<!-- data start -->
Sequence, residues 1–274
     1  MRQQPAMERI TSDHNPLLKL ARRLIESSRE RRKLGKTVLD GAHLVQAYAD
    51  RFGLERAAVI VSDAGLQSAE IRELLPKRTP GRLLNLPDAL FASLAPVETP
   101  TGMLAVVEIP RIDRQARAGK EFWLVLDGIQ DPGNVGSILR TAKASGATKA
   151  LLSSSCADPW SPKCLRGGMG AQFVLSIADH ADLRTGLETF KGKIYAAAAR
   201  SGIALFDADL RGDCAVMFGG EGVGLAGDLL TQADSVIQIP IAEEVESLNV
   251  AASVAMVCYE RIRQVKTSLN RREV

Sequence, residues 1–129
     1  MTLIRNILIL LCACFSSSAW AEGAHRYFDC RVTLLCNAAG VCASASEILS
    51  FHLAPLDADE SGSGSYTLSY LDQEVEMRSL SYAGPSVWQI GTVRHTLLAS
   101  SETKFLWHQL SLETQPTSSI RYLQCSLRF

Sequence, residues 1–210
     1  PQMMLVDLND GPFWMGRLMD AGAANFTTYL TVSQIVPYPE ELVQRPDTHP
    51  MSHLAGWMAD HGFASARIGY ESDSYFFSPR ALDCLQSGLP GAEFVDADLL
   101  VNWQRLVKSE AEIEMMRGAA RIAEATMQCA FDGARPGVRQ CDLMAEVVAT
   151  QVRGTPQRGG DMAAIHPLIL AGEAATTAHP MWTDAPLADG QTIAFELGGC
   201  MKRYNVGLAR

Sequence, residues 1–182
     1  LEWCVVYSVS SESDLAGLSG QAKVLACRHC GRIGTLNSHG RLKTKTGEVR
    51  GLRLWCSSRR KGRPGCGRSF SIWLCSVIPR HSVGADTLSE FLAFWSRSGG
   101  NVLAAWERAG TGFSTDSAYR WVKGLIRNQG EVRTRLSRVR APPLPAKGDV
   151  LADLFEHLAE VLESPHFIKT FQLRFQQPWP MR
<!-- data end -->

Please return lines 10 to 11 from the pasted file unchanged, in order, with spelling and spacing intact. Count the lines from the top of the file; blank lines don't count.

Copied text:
    51  FHLAPLDADE SGSGSYTLSY LDQEVEMRSL SYAGPSVWQI GTVRHTLLAS
   101  SETKFLWHQL SLETQPTSSI RYLQCSLRF